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Holy Week: Grief & Hope

By Margo Gregory


1 Corinthians 15:24-26 Then comes the end, when he hands over the kingdom to God the Father, after he has destroyed every ruler and every authority and power.For he must reign until he has put all his enemies under his feet.The last enemy to be destroyed is death.


I love Easter and springtime. It always reminds me that after the cold and darkness of winter comes new life, new creation. All things become new (2 Cor. 5:17) and every day is a new day. These are things I have to remind myself of when my life is feeling bleak or things aren’t going the way I wanted them to go. Or on days when my grief journey has taken its toll on me and I succumb to my bed to escape. Every day is a new day. I’ll do better tomorrow.


I wanted to write this feeling healed. It has been almost ten years since the sudden death of my husband. I have pulled off getting my kids raised and out of school. I downsized my home and my belongings, and gotten my career back on track. I’ve found a wonderful community of friends, and my kids are thriving. God has been guiding me in all of the right directions, and I was finally able to see Easter morning on the horizon. So when Bailie asked me to write this post for Easter in February, I was ready – I had so much Easter to talk about. My life had truly been resurrected.


On March 12, after working a ten-hour day, I got the news around ten o’clock in the evening that my sister-in-law had been in a car accident and was being taken to the hospital. My initial reaction was disbelief: WAIT! What? …this cannot be happening!


By April, my disbelief turned into grief and anger. My sis was there for so many important parts of my life: she introduced me to my husband, she went on our first double date, she stood in for me at my wedding rehearsal, she was there for the birth of two of my children, she was a wonderful sister-in-law and aunt. How has this happened? How does one family experience so much loss in one lifetime? And so I find myself thrust back into grieving. Lent is here again, and I lift my voice like the Psalmists, asking “How long O Lord?”


I wanted to write a blog that told you that life goes on that it gets better. That we can have hope because Easter is coming.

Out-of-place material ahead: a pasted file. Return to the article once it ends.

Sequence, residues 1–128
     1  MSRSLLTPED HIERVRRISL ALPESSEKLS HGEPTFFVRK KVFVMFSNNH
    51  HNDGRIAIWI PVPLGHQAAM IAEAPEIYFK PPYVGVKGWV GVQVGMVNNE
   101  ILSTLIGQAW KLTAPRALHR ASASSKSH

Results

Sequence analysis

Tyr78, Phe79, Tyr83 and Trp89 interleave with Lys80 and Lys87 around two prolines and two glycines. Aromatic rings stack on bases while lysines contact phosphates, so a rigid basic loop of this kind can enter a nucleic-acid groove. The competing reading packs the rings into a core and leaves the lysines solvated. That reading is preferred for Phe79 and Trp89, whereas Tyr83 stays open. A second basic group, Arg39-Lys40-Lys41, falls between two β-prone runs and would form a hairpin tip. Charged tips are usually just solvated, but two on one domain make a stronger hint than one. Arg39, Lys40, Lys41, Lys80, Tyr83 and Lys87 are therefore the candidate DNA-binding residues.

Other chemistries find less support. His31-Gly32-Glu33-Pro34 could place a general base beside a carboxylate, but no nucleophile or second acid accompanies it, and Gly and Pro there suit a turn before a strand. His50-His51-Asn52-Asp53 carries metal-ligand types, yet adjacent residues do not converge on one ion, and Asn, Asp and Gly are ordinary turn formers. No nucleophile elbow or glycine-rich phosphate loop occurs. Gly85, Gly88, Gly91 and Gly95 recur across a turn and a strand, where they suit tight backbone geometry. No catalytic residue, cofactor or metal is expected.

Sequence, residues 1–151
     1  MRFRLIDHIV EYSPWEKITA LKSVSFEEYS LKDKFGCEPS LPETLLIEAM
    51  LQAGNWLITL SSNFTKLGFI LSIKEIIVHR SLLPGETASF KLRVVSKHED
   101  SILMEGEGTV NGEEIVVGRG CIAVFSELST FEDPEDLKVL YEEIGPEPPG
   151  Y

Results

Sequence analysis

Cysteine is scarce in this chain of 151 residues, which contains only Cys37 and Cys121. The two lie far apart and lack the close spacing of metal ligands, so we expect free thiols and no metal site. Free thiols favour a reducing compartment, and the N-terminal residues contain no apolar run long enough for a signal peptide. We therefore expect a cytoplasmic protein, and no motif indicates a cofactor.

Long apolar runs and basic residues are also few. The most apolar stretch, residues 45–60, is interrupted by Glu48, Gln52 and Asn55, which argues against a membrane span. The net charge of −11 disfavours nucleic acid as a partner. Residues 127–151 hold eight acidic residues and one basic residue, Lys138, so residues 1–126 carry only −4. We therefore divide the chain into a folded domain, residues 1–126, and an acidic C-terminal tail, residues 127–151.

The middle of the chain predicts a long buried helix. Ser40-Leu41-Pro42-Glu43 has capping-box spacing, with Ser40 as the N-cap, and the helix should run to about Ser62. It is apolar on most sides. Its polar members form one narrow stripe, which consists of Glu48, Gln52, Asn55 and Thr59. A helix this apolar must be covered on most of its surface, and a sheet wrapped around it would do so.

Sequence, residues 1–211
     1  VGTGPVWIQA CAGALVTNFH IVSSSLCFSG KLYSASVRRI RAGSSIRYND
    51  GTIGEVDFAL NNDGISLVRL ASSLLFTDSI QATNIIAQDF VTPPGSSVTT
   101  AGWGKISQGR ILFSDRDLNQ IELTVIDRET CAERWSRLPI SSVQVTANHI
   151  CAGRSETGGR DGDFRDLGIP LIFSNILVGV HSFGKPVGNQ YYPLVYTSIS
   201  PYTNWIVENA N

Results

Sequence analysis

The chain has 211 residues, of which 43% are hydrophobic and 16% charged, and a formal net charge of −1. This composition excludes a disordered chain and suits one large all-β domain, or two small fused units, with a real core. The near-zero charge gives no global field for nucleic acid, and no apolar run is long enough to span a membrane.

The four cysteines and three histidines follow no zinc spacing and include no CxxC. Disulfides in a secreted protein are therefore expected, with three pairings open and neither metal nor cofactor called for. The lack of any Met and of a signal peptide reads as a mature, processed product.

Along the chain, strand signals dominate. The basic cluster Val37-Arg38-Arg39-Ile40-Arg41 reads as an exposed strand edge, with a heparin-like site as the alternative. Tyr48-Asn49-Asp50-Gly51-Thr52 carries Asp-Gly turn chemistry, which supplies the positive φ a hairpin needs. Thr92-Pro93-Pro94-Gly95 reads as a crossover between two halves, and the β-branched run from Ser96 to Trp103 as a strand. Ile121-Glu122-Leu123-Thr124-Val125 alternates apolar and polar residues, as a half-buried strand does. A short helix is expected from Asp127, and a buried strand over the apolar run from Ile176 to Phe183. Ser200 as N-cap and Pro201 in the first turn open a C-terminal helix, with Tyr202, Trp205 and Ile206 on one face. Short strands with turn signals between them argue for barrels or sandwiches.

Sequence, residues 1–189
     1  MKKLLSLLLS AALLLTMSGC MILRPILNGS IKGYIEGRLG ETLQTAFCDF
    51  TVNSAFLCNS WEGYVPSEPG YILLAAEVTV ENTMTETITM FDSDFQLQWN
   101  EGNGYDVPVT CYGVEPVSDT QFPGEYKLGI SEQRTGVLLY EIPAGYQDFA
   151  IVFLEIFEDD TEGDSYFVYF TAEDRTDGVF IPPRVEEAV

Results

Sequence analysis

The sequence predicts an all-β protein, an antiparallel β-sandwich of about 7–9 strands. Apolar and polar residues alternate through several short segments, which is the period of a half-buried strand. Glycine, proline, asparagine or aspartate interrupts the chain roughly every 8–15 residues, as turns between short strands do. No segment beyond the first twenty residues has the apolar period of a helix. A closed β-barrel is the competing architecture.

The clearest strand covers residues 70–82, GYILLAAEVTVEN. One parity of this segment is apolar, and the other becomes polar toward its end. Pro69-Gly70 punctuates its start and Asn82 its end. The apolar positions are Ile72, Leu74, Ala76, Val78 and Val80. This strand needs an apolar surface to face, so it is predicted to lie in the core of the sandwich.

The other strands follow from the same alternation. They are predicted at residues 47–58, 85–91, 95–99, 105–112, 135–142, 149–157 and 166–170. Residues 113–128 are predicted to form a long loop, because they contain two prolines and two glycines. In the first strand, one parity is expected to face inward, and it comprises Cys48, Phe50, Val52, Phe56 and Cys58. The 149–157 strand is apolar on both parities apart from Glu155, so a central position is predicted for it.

I don’t have any of the answers. My mind feels frazzled once again. Once again, I struggle to pull thoughts together. Once again, I fail to remember important things. Once again, I mess up booking my clients or let things slip or drop the ball on something. Grief feels like two steps forward and three steps back.


For now, I will be angry; because that’s the stage of grief I’m in. My mind will be scattered; it is what it is. It’s what I feel for now, and as I have tried to teach others the last ten years, feel what you feel. You can’t run away from grief. You can’t cover it, you can’t ignore it – it will catch up to you at some point in your life. I know this. I’ve done this. I will do it again.


I think that is what life is all about: getting up again and again. There will be days when I’m too tired and spent to deal and so I will sleep. I will rest and get back up and get back in the race. And that’s why Easter matters – because it reminds us that life is a cycle of death and resurrection.


I am still here. And so, I will stay steady on my course and continue to try to understand what my purpose is in this life. I may never know this side of Heaven, but I sure hope God does something with my life. I pray that my suffering may somehow allow someone else to admit theirs and know they are no alone. Others have journeyed the rough course and come out victorious on the other side.


God, thank you for this life you have given me. This resurrection life that I could not achieve on my own, but because of the hope I have in you, I may have life and have it more abundantly (John 10:10b). Thank you that you bore our suffering and you are with us in our pain. My pain is but an inkling of what you had to suffer on the cross. But thank you that you understand what we are going through and thank you for being there through it all and guiding us to our next destination. What a journey I could not bear had it not been for you. Thank you that you have done away with death altogether and that some day soon, we will all partake in the great resurrection.